January 27, 2012
In a blog post for the Telegraph, we argue,
In his speech in Davos yesterday, David Cameron outlined some very sensible proposals for how to deal with Europe’s economic crisis. But, almost in passing, he also called for a eurozone “central bank that can comprehensively stand behind the currency and financial system”, implicitly suggesting that the ECB must be ready to provide more cash to struggling banks and governments around Europe. Unfortunately this statement completely misses the intricacies which the ECB and the eurozone face in the coming months.
The ECB’s balance sheet now stands at a pretty scary €2.7 trillion, higher than that of the money-printing Federal Reserve in the US. By buying government bonds and providing cheap cash to banks around the eurozone, the ECB is now leveraged 33 times – up from 24 times only last summer. This means that for every €1 the ECB holds in reserves and cash, it has €33 swirling around somewhere in the eurosystem.
But it isn’t the size of its balance sheet that keeps ECB officials awake at night – all central banks are leveraged – as much as the circa €60bn of (nominal) Greek bonds festering on its books. This (relatively) tiny item has become political dynamite, as Greece is set to default on its debt in March, either through a voluntary agreement with its creditors or by simply running out of money. As creditors and the Greek government are locked in to talks over which one it’ll be, big question is: will the ECB be forced to take a hit?
The question is crucial as the ECB has said in the past that it will not take losses on its eurozone exposure – ever. For the Germans, losses for the ECB would mark a huge betrayal of the Bundesbank-model, in which a central bank is trusted and prudent, and doesn’t take on excessive risks – and therefore has the credibility to control inflation. Many German commentators have spent the past year grumbling about the ECB’s back-handed Quantitative Easing and illegal financing of state deficits. The ECB has got around this by purchasing the bonds on the secondary market, but if it took losses on Greek debt, this argument falls.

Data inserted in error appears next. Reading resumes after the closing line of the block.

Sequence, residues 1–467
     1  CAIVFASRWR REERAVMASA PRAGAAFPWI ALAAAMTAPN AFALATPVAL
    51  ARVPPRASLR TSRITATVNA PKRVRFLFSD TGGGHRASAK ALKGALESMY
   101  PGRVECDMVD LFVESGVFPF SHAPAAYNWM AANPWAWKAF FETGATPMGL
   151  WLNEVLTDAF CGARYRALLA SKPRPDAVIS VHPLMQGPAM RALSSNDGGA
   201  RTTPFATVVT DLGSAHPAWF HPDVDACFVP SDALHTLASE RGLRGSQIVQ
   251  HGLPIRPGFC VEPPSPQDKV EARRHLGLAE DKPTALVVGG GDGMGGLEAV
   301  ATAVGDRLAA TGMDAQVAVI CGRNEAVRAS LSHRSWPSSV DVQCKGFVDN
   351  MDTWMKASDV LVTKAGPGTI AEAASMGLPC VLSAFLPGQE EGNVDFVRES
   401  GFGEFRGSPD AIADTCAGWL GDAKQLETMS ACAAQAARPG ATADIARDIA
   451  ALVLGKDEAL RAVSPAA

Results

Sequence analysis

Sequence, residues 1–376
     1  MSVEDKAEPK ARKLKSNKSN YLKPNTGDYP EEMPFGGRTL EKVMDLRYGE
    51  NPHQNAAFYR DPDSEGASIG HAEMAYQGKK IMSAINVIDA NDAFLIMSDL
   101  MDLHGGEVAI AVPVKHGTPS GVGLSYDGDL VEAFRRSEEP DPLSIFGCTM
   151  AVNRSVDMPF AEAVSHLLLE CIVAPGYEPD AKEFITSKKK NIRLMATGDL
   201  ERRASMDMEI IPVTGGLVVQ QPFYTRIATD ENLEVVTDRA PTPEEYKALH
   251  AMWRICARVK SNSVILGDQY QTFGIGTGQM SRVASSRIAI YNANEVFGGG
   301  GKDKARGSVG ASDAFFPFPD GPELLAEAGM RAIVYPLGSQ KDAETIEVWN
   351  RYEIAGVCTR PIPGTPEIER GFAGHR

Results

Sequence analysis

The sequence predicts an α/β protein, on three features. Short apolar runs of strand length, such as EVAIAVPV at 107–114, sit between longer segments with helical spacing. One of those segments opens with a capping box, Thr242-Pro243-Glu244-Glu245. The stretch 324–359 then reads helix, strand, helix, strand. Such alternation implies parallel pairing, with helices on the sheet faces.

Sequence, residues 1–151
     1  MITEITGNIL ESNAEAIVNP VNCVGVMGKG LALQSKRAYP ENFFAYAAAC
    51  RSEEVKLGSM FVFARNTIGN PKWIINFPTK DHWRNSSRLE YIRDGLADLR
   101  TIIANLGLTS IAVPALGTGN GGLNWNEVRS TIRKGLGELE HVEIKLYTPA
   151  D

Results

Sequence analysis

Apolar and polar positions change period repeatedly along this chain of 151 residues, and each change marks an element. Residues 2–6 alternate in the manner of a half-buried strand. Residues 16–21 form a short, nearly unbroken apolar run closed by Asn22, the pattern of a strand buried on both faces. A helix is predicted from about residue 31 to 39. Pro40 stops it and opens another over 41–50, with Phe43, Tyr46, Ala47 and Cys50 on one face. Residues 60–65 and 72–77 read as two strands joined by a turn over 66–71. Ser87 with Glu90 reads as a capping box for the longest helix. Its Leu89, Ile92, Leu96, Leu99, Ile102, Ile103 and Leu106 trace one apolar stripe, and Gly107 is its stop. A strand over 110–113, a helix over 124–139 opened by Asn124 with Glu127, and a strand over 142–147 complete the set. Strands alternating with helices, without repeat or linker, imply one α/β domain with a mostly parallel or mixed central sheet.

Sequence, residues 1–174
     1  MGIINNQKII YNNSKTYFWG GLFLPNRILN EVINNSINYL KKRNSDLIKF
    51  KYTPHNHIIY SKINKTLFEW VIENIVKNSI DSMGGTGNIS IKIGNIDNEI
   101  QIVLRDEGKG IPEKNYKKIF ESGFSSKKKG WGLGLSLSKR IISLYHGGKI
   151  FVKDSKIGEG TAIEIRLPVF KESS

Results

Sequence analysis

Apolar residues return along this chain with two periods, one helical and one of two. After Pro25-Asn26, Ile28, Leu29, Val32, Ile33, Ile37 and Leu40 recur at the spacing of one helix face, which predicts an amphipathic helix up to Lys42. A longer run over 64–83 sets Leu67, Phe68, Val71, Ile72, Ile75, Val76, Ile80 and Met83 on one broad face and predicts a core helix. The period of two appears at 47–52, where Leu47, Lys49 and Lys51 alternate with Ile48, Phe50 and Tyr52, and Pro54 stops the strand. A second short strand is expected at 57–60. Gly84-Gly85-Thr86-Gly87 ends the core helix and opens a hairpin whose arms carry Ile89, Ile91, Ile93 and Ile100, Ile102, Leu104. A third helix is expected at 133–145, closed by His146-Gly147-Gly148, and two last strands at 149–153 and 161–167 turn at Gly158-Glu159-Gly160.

But at the same time, if “public” bodies, including the ECB, holding Greek debt don’t accept losses in a Greek default, the write-down may not be large enough to give the country even a hypothetical chance of bouncing back, meaning the EU/IMF cannot give it more loans. For the ECB, this amounts to a pretty awful catch-22: accept losses and see your credibility and rationale undermined or reject losses and at worst prompt a disorderly Greek default or possibly just massive distortions in eurozone bond markets.
So what’s the best solution? We’ve long argued for a full restructuring of Greece’s debt (now 60-70%) and reassessment of Greece’s position in the euro. But that looks unlikely right now. Instead, the ECB could be offered an escape route. It purchased its bonds at around a 30% discount. It could accept a 30% write down without taking any losses and would give Greece some additional debt relief. Another option would be for ECB-held bonds to be bought by the euro bailout fund, the EFSF (at cost price), and then submitted by the EFSF to the voluntary restructuring. The EFSF could absorb the losses, though it too may have to deal with some very uncomfortable questions from taxpayers who will have lost money. But arguably it’s better than sacrificing the credibility of the ECB.
Both options would still be a tacit admission of failure by the ECB, since it always claimed it would hold the government bonds it bought to maturity, but it may have little choice.
All of this should concern the British. Not only because the eurozone crisis is linked to the fate of the UK’s economy. But also, as Anglo-Saxon commentators are coming out in droves – alongside the UK government itself – in calling for the ECB to load up on yet more eurozone government debt if need be, it should be a reminder: in the eurozone as in the UK there’s still no such thing as a free lunch.
In the end, someone has to pay – and if you want to keep the Germans fully on board, it best not be the ECB.Author : Open Europe blog team